Tiger for Breakfast by Michel Peissel reveals how one man, a Russian ballet performer named Boris, birthed Kathmandu and formed Nepal into a tourist nation. It is an incredible story with unbelievable details brought to life. And Boris’ living legacy is the Yak and Yeti Hotel.
Read more about the history of the Yak and Yeti by clicking here!
A friend and I were walking to lunch when we stumbled on to the remnant of the original Newari wood framed gateway. We wandered into the grand hotel and began asking questions about our friend, Boris. We were pointed here and there and getting no where, until a Nepali man poked his head from over a balcony and asked us if we wanted to come up and see the original building of the Yak and Yeti. Yes!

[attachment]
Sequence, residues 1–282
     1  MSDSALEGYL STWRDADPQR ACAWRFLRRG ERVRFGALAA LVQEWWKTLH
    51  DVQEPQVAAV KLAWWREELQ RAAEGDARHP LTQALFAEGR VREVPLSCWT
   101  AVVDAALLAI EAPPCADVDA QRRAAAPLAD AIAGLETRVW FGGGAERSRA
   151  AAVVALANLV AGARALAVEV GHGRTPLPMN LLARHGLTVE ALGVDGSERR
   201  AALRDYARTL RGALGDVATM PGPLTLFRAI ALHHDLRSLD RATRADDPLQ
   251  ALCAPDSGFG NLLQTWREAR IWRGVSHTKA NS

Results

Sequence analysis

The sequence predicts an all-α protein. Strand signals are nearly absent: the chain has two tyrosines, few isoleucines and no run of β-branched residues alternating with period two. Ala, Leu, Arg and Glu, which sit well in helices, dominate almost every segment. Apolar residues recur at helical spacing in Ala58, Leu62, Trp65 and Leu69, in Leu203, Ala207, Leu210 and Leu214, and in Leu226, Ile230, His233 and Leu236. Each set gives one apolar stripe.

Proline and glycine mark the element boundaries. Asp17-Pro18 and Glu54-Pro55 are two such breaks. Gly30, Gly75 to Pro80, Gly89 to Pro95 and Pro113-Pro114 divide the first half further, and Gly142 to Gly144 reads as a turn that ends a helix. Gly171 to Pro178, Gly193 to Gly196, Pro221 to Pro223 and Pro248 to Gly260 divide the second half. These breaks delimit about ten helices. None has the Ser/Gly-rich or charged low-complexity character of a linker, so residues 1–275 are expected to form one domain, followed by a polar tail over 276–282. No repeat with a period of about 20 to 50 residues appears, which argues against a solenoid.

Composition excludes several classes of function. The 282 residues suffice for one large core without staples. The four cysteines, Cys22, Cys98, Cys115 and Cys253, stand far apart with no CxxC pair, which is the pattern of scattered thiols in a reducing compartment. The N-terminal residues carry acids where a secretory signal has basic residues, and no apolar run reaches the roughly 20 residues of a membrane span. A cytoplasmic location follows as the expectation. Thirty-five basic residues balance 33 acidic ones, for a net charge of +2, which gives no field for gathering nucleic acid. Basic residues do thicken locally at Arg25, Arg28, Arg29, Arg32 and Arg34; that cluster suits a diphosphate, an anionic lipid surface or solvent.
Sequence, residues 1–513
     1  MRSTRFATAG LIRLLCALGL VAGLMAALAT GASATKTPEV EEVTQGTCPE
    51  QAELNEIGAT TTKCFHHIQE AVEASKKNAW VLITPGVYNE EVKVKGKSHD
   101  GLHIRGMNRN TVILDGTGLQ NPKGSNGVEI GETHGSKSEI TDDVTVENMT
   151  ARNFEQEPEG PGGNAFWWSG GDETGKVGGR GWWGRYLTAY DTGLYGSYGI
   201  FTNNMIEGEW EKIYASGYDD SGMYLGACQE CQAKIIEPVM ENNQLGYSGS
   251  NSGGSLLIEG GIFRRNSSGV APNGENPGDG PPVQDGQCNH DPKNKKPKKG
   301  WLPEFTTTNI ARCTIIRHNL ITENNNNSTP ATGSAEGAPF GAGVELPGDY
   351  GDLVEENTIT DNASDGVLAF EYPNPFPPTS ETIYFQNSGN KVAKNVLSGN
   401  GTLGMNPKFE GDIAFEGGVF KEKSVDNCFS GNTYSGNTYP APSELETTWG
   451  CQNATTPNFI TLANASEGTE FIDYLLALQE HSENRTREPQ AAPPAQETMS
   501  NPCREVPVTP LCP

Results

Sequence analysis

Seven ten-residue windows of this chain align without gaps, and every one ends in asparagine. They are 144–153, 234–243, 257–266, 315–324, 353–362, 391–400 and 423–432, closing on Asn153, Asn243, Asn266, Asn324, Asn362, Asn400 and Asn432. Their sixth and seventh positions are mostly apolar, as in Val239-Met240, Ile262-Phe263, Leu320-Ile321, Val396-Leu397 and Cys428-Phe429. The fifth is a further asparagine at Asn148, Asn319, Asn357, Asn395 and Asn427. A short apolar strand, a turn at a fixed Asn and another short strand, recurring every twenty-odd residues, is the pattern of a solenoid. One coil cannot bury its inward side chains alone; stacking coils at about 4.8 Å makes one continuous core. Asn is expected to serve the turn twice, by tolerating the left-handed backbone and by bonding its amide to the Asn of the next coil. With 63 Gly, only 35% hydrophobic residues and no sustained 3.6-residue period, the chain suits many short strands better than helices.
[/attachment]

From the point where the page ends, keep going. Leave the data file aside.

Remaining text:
The historical rooms were being cleaned and polished for an upcoming wedding (the grand-daughter of the current owner’s wedding, expecting 2,000 guests!). We had a personal tour of the maze of rooms-including the Queen’s Sitting Room, the Ballrooms, the balconies and the gorgeous original Newari wood carvings. We also saw an antique chandelier, secured behind glass, and several paintings of the Rana kings.
Our guide told us that this was only a tiny palace compared to the King’s palace and others around Kathmandu. He also said:
- The original palace was 140 years old and belonged to the Rana kings.
- Each king had 10-15 wives and countless children.
- The marble and mirrors was all imported from Italy.
Stepping back into a bit of Kathmandu, Nepal history was the cherry on top of our Kathmandu scramble to renew visas and other errands. Long live Boris! And we are very glad that he helped open the doors to Nepal– he is a providential person in Nepal’s history.